You would think that I would have heard enough about wikis already at Internet Librarian 2006. I attended the preconference presented by Meredith Farkas, which was quite good. I was trying some other tracks this morning, and found myself wanting to hear more about wikis instead. So, I snuck in to Wikis for Libraries in time to hear Chad Boeninger give the final presentation.
Chad's title was A Wiki as a Research Guide. He told about how he turned three subject guides that he uses with business students at Ohio University into wikis. He used to update them annually and the students would lose their copies, often before they left the classroom. Now they are wikis, which he can update easily, are readily available anywhere there is a web connection, and link to many of the tools cited.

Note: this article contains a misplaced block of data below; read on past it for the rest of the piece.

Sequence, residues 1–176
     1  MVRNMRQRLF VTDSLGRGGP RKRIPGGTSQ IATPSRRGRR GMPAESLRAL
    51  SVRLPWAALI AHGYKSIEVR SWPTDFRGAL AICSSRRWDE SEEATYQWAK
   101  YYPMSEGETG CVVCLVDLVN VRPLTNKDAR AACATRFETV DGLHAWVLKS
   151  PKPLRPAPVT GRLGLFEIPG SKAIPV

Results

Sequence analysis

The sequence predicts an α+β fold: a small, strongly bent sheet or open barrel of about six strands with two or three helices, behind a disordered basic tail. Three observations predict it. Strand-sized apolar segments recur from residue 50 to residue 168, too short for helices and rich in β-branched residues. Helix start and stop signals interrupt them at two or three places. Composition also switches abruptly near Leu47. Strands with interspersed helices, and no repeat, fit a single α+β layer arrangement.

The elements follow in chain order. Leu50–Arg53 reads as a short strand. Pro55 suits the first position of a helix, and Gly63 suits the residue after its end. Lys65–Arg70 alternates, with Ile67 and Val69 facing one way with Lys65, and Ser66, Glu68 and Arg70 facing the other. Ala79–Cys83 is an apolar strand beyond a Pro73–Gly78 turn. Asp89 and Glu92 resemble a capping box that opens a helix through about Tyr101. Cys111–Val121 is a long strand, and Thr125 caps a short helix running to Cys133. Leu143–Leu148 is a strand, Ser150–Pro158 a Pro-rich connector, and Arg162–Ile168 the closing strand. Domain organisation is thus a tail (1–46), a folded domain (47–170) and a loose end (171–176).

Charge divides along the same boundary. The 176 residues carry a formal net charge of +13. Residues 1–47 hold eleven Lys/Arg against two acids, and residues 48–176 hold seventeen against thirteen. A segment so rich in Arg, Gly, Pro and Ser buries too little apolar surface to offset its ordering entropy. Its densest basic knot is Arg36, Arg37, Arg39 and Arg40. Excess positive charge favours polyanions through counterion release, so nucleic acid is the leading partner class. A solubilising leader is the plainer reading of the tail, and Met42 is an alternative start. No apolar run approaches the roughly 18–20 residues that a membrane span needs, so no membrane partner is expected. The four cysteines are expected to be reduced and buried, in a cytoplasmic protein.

His wiki does not fit the stereotype. He is basically the only person adding to it, but that is okay with him. It works because his students and his fellow librarians can turn to it, saving him many questions. It is also searchable.
I was struck by the idea of a wiki working where other software has failed. We used to have rolodexes at the reference desk. When we got rid of them in the 1990s, I started a simple database of stray information for ready reference in Microsoft Works. It worked pretty well. When we replaced our computers with Works with computers that had Office, I tried to move the data to the Access database software. It did not work. I started a new Access database, but I found it more trouble than I liked. The ready reference database faded away.
I still find bits of information that I wish I could just put in an easy database. I have stuck some tidbits in blog posts, both on my own blog and on the staff intranet, but I have handed the information inconsistently.
Voila! Chad said the wiki was easily searchable. A wiki might make a nice place to build a new ready reference database. I have to try it!